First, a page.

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The hacking to death of a secular blogger is the fourth such killing in Bangladesh this year. Fellow bloggers of the victim Niloy Neel, also known as Niloy Chowdhury, blame the police for his murder.
40-year-old Niloy, who used to write blog posts criticizing religious fundamentalism, is the third blogger to have been killed this year involved with Mukto-Mona, a community blog site for freethinkers that received a DW 2015 Bobs Award. Atheist blogger Avijit Roy, the founder of the site, was hacked to death this February, while blogger Ananta Bijoy Das was killed in May.
Niloy was murdered in his apartment in Bangladesh's capital, Dhaka, on August 7. Four assailants forcefully entered his home in the afternoon and stabbed the blogger, said Shammi Haque, a fellow activist who visited Niloy's house immediately after the attack. The blogger's wife and sister were in the apartment at the time of the attack, but the assailants locked them up in another room, Haque told DW.
Farid Ahmed, a moderator of the Mukto-Mona site, told DW that after being followed by two suspicious persons on May 15, Niloy went to the police station to lodge a general diary. But, according to Ahmed, the police refused to take his complaint and failed to provide security.
However, Monirul Islam, the chief of Dhaka police's Detective Branch, denied any such incident ever took place.
Killers follow hit list
In 2013, a hit list featuring the names of 84 bloggers was published by Islamists who the bloggers believe are seeking to eliminate them. At least 11 of the bloggers on the list have been killed in the past two years.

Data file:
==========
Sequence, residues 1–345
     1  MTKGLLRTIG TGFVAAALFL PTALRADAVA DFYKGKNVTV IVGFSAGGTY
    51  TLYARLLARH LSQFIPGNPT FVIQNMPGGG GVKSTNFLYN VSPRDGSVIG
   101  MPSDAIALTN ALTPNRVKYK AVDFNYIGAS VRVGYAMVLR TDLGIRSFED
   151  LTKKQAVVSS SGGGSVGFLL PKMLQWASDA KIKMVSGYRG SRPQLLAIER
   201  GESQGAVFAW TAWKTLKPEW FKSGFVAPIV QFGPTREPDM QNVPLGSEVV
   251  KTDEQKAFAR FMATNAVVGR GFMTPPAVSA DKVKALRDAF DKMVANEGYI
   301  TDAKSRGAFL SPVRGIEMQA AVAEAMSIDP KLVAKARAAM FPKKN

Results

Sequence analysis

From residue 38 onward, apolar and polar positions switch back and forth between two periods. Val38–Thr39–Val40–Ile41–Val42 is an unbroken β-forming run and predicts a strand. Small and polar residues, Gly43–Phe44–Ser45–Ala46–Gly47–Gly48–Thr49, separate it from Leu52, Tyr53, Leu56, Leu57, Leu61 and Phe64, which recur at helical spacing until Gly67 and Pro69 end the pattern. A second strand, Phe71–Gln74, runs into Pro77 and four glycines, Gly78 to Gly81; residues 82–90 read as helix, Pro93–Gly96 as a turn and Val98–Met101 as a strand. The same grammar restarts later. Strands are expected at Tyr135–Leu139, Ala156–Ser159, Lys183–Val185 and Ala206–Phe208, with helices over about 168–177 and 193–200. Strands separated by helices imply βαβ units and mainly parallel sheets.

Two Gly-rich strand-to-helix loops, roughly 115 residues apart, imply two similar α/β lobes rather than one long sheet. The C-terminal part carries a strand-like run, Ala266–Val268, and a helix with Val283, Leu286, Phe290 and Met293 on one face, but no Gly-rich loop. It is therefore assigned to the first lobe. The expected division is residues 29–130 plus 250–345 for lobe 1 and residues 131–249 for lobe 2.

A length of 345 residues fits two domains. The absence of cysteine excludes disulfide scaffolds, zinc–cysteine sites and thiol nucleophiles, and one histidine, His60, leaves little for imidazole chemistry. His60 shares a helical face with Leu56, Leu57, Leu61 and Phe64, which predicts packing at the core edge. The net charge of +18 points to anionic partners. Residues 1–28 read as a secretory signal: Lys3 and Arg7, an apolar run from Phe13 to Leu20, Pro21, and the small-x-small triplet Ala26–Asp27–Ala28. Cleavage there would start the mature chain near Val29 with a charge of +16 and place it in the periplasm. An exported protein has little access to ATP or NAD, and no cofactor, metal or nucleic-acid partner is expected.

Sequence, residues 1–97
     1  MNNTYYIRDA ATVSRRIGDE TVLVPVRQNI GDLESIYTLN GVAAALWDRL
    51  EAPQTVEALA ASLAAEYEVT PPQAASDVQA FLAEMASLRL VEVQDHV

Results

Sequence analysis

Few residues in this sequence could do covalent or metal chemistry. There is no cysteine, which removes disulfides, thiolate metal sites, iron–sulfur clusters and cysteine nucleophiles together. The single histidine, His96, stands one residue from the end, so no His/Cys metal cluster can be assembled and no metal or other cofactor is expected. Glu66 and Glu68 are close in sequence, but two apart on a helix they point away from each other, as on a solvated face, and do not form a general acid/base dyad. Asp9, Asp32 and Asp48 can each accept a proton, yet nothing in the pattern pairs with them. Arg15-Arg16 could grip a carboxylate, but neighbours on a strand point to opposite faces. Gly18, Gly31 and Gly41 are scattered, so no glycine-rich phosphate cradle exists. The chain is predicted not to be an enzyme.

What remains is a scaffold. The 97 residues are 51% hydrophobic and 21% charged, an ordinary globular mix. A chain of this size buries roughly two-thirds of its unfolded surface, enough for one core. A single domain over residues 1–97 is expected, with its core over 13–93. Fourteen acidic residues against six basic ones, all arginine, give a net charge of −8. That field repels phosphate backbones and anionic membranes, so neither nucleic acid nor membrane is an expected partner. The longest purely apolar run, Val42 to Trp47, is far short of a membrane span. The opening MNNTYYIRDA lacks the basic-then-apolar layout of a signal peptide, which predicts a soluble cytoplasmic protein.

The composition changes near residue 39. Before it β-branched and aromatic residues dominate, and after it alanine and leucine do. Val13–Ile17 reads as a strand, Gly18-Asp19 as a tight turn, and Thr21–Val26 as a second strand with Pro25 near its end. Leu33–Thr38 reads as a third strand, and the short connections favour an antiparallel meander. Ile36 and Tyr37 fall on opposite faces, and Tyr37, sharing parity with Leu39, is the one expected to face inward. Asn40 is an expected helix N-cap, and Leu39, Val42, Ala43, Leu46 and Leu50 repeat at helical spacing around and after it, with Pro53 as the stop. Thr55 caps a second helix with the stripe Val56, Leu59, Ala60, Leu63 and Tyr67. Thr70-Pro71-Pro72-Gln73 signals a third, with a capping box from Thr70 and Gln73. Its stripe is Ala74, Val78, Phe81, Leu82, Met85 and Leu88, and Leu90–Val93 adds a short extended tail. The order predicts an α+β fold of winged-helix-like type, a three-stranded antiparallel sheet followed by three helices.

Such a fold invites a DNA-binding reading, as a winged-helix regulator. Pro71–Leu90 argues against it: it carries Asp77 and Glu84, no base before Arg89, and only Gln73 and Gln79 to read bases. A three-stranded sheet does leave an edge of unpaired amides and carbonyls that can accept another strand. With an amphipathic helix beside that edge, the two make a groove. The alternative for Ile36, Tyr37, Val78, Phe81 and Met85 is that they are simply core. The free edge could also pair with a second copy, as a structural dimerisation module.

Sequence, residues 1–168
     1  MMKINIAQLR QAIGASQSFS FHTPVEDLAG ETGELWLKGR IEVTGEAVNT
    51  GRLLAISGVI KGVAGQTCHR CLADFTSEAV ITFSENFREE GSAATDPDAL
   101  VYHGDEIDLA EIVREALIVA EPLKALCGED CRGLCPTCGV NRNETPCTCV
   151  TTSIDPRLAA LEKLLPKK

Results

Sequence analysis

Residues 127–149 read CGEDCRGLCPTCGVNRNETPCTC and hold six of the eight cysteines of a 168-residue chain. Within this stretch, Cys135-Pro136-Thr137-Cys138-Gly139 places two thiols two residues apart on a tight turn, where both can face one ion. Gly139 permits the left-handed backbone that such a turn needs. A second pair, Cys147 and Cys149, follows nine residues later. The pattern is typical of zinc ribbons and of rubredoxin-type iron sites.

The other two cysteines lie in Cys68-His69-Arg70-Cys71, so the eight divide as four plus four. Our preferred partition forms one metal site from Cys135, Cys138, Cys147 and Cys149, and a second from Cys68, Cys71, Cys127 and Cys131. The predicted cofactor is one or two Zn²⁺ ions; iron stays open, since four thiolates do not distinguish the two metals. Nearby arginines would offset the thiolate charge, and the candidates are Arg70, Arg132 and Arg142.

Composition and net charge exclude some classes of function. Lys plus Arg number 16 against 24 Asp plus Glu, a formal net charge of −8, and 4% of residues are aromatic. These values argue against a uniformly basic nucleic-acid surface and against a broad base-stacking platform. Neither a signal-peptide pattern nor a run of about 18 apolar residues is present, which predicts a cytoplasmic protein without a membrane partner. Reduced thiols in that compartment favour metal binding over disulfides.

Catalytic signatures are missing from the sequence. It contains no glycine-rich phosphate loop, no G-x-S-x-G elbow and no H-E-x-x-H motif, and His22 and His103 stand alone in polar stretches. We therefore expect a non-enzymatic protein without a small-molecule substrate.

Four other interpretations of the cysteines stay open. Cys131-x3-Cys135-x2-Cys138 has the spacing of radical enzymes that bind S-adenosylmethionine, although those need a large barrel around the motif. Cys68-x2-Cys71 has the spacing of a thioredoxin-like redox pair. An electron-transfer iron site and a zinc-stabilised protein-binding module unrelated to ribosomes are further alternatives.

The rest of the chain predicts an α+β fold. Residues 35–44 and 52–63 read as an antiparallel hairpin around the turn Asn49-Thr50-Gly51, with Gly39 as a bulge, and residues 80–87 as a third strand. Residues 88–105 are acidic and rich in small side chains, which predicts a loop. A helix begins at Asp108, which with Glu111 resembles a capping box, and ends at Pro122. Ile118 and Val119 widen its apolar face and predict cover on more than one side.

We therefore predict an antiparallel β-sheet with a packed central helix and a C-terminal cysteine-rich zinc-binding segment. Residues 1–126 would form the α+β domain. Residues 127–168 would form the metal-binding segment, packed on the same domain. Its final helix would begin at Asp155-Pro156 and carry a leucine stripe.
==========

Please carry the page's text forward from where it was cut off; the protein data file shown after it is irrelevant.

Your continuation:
"Niloy's name was also on that and he was scared for his life," said Haque. The slain blogger even recently wrote on Facebook that an Islamist named Farabi Shafiur Rahman was the one to add his name to the so-called "anti-Islamic" list.
Although a religious fundamentalist group "Ansarullah Bangla Team" claimed responsibility for the previous murders this year, the police have so far named no suspects in the Niloy investigation.
"The investigation is running at a slow pace, indicating reluctance on the part of the authorities to arrest the killers," said Baki Billah, fellow activist and another close friend of Niloy.
Billah explained that Niloy was involved with an organization based on science and rationalism and very active against religious fundamentalism. "His writing was the reason behind the murder,'' Billah told DW, adding that Bangladesh's culture of impunity inspires fundamentalists to attack free thinkers.
So far one arrest has been made in relation to murder investigation of blogger Avijit Roy. In another blogger murder case two suspected killers were caught by ordinary citizens and handed over to the police.
Apart from these arrests, no other suspects have been detained. However, police chief Monirul Islam says the police believe the perpetrators are from the same group. "We are investigating the murders," he stressed.
Failure to protect bloggers
Blogger Farid Ahmed condemned the murders and blamed the Bangladeshi government for its failure to protect bloggers in danger. "The government has failed miserably to provide safety and security to secular bloggers in the country," he said.
Prime Minister Sheikh Hasina has failed to condemn any of this year's murders. Activist Haque thinks the government wants to secure voters' support by not speaking out against the murder of bloggers, known in Bangladeshi society as atheists or freethinkers. "Atheism is still a taboo in Bangladesh," said Haque.
Reporters Without Borders also issued a statement condemning Niloy's murder. The NGO criticized the government for not offering concrete protective measures to secular bloggers in the country.
"Today, we tell the authorities that they bear a significant part of the responsibility in this last murder," said the group, adding that Dhaka will also be held accountable for their failure to bring to justice the murderers of previously killed bloggers.